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34
Noncommercial Software for MixedInteger Linear Programming
, 2004
"... We present an overview of noncommercial software tools for the solution of mixedinteger linear programs (MILPs). We first review solution methodologies for MILPs and then present an overview of the available software, including detailed descriptions of eight software packages available under open s ..."
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Cited by 24 (1 self)
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We present an overview of noncommercial software tools for the solution of mixedinteger linear programs (MILPs). We first review solution methodologies for MILPs and then present an overview of the available software, including detailed descriptions of eight software packages available under open source or other noncommercial licenses. Each package is categorized as a black box solver, a callable library, a solver framework, or some combination of these. The distinguishing features of all eight packages are described. The paper concludes with case studies that illustrate the use of two of the solver frameworks to develop custom solvers for specific problem classes and with benchmarking of the six black box solvers.
Conflict analysis in mixed integer programming
, 2006
"... Conflict analysis for infeasible subproblems is one of the key ingredients in modern SAT solvers. In contrast, it is common practice for today’s mixed integer programming solvers to discard infeasible subproblems and the information they reveal. In this paper, we try to remedy this situation by gene ..."
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Cited by 22 (6 self)
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Conflict analysis for infeasible subproblems is one of the key ingredients in modern SAT solvers. In contrast, it is common practice for today’s mixed integer programming solvers to discard infeasible subproblems and the information they reveal. In this paper, we try to remedy this situation by generalizing SAT infeasibility analysis to mixed integer programming. We present heuristics for branchandcut solvers to generate valid inequalities from the current infeasible subproblem and the associated branching information. SAT techniques can then be used to strengthen the resulting constraints. Extensive computational experiments show the potential of our method. Conflict analysis greatly improves the performance on particular models, while it does not interfere with the solving process on the other instances. In total, the number of required branching nodes on general MIP instances was reduced by 18 % in the geometric mean, and the solving time was reduced by 11%. On infeasible MIPs arising in the context of chip verification and on a model for a particular combinatorial game, the number of nodes was reduced by 80%, thereby reducing the solving time by 50%.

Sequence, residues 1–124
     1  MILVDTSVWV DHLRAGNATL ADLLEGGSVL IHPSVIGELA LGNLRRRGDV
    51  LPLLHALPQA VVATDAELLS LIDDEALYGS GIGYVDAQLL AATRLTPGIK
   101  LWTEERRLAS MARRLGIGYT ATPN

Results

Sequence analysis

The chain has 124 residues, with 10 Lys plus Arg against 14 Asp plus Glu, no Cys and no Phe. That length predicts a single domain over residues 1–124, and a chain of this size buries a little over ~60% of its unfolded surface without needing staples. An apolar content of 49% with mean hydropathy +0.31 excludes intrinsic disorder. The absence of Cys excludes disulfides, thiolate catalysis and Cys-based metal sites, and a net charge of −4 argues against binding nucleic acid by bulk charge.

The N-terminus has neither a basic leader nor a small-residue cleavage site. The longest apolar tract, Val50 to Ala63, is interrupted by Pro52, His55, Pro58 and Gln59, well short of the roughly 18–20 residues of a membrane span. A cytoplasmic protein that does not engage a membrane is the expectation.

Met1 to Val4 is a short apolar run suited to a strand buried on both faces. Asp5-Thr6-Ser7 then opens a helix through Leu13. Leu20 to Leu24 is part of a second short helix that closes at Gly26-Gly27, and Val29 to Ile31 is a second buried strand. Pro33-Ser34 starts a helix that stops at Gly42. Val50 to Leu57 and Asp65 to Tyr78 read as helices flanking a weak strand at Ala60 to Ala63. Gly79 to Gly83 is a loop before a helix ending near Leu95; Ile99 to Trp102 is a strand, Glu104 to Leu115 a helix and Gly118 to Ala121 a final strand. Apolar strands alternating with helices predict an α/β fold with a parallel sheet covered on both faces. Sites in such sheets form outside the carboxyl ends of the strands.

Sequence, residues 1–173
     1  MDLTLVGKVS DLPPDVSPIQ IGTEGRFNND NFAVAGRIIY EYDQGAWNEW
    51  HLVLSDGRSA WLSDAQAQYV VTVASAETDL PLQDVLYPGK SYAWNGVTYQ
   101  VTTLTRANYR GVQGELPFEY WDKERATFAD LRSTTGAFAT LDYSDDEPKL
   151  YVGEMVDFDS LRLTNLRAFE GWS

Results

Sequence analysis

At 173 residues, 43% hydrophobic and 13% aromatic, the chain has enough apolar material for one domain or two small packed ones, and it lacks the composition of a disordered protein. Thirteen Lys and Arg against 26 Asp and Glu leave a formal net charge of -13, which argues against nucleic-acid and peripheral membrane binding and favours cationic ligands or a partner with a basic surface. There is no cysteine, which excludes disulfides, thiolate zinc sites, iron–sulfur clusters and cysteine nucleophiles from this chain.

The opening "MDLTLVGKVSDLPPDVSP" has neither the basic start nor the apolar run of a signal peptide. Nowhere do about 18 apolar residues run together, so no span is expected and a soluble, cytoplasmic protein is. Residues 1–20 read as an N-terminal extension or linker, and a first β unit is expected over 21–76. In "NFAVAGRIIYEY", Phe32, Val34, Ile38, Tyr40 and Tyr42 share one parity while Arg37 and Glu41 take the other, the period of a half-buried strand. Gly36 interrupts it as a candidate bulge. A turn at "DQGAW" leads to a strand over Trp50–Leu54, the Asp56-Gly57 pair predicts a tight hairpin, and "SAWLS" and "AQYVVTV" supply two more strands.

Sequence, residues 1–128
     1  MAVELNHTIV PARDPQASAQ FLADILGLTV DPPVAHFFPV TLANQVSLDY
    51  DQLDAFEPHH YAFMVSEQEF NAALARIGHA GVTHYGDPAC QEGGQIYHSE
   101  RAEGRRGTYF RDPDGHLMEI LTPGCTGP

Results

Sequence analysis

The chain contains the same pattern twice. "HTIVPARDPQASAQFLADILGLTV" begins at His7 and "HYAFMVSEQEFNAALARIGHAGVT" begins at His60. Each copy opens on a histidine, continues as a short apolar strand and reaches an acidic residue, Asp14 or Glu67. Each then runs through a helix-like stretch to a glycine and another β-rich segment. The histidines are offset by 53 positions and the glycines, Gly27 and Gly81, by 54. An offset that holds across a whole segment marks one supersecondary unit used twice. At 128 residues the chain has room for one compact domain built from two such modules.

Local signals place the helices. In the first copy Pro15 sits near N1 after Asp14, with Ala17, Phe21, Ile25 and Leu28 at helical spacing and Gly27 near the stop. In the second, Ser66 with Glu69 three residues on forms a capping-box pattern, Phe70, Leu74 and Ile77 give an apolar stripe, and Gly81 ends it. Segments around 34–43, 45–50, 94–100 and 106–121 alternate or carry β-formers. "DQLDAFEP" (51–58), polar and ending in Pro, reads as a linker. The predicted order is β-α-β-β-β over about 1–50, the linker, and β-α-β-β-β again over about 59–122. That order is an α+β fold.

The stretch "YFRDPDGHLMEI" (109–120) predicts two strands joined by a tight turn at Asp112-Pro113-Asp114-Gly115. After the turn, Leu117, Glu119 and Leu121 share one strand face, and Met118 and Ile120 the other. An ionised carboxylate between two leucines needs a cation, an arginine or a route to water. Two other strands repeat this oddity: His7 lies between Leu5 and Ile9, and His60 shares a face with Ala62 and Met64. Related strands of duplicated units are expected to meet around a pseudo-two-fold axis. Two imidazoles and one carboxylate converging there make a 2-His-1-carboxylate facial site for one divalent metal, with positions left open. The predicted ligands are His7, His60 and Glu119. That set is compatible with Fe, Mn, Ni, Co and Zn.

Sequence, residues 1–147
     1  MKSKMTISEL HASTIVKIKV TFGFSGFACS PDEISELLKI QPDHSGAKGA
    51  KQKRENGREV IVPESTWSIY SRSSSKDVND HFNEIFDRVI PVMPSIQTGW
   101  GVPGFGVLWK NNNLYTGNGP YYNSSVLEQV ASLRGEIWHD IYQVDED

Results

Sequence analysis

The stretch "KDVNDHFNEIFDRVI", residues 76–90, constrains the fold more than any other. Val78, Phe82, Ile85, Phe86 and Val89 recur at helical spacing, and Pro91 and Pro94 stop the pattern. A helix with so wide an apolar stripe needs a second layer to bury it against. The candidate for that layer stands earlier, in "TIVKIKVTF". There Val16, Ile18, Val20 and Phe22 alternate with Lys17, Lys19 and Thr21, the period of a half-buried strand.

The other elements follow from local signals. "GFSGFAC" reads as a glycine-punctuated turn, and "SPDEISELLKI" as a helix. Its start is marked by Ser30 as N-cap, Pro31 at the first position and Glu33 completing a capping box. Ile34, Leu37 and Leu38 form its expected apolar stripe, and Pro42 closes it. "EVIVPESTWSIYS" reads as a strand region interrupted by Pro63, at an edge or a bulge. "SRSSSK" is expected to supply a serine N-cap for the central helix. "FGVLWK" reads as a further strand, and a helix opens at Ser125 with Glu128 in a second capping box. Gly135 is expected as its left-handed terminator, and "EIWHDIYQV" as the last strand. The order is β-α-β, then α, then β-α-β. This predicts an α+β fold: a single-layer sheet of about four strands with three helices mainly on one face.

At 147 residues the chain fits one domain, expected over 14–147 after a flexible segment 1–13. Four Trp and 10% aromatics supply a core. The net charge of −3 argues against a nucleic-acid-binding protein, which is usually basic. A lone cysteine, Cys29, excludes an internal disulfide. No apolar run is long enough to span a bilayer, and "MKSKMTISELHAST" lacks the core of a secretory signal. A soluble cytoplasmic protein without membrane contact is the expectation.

COMPUTING OPTIMAL MORSE MATCHINGS
, 2004
"... Morse matchings capture the essential structural information of discrete Morse functions. We show that computing optimal Morse matchings is NPhard and give an integer programming formulation for the problem. Then we present polyhedral results for the corresponding polytope and report on computation ..."
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Cited by 20 (0 self)